In a world where the bookstore is becoming out of date and people seem unwilling to spend the money on literature anymore, or even read at all, the title essay is something that particularly resonated with me. It is likely that his findings that most people spend much less on books than they do on other items such as cigarettes or alcohol would still be true today yet, just as it were seventy years ago, people still balk at the cost of a book. Anyone who has an interest in reading and the book industry would find this piece of great interest as well.

Beyond his ability to seemingly see into the future, it is worth reading this volume for his masterful writing. He writes so succinctly and beautifully, never misusing a word or creating a clumsy sentence. It feels so perfectly revised and fluid, with each piece possessing its own personality and emotion without being out of place alongside the others. He is intelligent and well-researched, unafraid to show it, but does so without being condescending towards the reader. While Orwell assumes you will know what he is talking about he also provides enough background knowledge that you can understand his point without having to take up your own research project if you don’t wish to.

Simply as an example of perfected writing style, this collection of essays is worth picking up. If you ever need to see how a great author crafts a sentence, then a paragraph, then brings it all together into one coherent piece, pick up anything by Orwell. I highly recommend these works, though, for their thought-provoking subject matter, humour, insight, emotion, and honesty.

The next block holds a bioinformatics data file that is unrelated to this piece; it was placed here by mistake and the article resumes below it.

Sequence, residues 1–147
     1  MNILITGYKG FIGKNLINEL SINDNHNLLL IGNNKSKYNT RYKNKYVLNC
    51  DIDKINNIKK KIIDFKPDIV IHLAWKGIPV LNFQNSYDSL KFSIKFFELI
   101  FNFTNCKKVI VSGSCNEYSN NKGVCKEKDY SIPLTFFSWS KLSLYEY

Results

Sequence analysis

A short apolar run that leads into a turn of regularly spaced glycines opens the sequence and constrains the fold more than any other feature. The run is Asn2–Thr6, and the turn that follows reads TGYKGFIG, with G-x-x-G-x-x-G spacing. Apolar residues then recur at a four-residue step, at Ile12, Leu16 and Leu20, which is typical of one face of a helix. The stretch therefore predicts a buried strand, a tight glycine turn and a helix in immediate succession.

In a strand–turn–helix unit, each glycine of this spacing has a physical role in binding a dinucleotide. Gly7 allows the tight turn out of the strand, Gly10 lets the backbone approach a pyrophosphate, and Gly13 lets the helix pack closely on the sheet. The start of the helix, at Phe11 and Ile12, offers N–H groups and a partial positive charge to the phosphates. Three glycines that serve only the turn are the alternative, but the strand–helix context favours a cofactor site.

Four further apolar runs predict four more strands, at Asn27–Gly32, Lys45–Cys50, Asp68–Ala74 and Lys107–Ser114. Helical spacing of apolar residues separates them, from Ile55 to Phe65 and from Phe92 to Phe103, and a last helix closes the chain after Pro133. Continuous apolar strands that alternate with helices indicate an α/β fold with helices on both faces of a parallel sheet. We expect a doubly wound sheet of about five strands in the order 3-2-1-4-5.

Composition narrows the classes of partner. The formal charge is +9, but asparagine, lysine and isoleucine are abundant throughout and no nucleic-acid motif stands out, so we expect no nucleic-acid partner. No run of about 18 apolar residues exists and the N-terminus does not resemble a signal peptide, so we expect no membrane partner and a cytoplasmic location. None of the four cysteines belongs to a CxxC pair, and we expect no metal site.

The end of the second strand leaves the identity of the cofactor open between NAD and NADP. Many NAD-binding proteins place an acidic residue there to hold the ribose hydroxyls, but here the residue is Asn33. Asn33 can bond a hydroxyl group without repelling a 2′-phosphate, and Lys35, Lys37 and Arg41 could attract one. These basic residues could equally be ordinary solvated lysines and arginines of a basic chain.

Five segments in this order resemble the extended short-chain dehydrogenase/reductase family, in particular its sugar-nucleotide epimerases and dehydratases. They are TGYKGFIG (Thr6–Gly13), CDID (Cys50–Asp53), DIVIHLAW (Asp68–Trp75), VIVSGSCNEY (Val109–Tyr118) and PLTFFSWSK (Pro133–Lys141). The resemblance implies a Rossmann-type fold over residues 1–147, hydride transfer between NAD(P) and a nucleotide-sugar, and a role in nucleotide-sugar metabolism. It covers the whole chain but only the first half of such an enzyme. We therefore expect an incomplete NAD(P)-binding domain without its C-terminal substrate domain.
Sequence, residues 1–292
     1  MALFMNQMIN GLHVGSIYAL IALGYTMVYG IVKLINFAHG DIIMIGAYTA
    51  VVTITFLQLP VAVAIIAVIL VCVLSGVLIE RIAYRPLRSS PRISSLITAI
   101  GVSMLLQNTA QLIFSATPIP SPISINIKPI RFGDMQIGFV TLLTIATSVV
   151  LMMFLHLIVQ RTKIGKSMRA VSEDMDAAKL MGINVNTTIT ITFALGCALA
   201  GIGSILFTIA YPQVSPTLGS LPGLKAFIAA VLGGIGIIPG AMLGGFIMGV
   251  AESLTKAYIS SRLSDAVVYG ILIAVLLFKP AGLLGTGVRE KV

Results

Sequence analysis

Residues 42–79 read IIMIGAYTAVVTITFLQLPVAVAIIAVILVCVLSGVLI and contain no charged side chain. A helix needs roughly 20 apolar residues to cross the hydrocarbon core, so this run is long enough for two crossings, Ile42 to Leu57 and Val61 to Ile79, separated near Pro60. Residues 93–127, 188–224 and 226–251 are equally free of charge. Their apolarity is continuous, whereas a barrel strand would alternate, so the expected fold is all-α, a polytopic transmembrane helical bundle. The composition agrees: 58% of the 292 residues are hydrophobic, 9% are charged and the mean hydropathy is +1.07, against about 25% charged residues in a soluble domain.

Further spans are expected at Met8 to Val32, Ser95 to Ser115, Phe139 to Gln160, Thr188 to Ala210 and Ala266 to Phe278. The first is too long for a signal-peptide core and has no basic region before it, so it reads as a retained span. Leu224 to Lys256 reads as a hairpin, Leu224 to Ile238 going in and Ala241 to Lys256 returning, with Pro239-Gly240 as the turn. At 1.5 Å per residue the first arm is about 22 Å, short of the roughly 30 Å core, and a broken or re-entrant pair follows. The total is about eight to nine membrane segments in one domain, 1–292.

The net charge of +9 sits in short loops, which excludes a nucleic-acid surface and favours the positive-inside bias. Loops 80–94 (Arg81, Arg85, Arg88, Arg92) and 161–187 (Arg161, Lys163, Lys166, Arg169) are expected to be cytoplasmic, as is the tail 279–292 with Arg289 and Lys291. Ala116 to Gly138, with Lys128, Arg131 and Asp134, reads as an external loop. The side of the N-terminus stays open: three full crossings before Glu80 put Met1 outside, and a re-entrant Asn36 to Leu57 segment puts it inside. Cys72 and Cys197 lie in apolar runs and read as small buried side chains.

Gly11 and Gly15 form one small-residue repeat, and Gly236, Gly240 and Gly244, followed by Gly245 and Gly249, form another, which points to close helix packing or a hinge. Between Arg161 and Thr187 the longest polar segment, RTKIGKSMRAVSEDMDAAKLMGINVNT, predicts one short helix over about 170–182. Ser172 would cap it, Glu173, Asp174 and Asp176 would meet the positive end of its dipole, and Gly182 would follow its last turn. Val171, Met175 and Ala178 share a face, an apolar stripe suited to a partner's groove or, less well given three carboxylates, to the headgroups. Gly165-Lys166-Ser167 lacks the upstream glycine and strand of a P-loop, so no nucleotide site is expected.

Ethan Frome by Edith Wharton

Title: Ethan Frome
Author: Edith Wharton
Originally published: 1911
This is a top shelf book.

ethan_fromeI love a good unhappy ending. It takes guts for someone to write a story that builds you up with all the hope in the world over one hundred pages then tear it away from you in only a few. An author who is conscious of the fact that she is going to make you believe in love, in destiny, in the power of attraction over reality and then slap you in the face with it anyways is impressive in her resolve. Edith Wharton did for me in Ethan Frome what she could not do in The House of Mirth which was make me feel deeply and somehow feel content with the horrible unhappiness of everything I just bore witness to.

A story of a fictional New England town called Starkfield where title character Ethan Frome calls home with his sickly wife, Zeena, it captures the struggle of small town life with little money to spare quite beautifully. She writes her characters so beautifully that you are aware of how old the Fromes appear due to the harshness of their cold life together, both due to the winters and a lack of love, despite the fact that they are actually quite young. When Zeena’s cousin Mattie Silver comes to live at the home as a hired girl and changes Ethan completely when she is around, you feel as if you are reading about an entirely different man during those exchanges. It is this change Mattie creates in Ethan that is the catalyst for all subsequent events.

We have all read and seen the story of the ill-fated lovers. We have been depressed by them and haunted by them. There is something about two people in love who never quite get to be that can be aching. But what is special about Ethan Frome is that there is never a line crossed. All encounters and desire is transmitted through a slight blush, a batted eyelash, or a one-second-too-long touch. The beauty of this story lies in the fact that almost never are you led to actually believe anything good will come of it but somehow you think it anyway.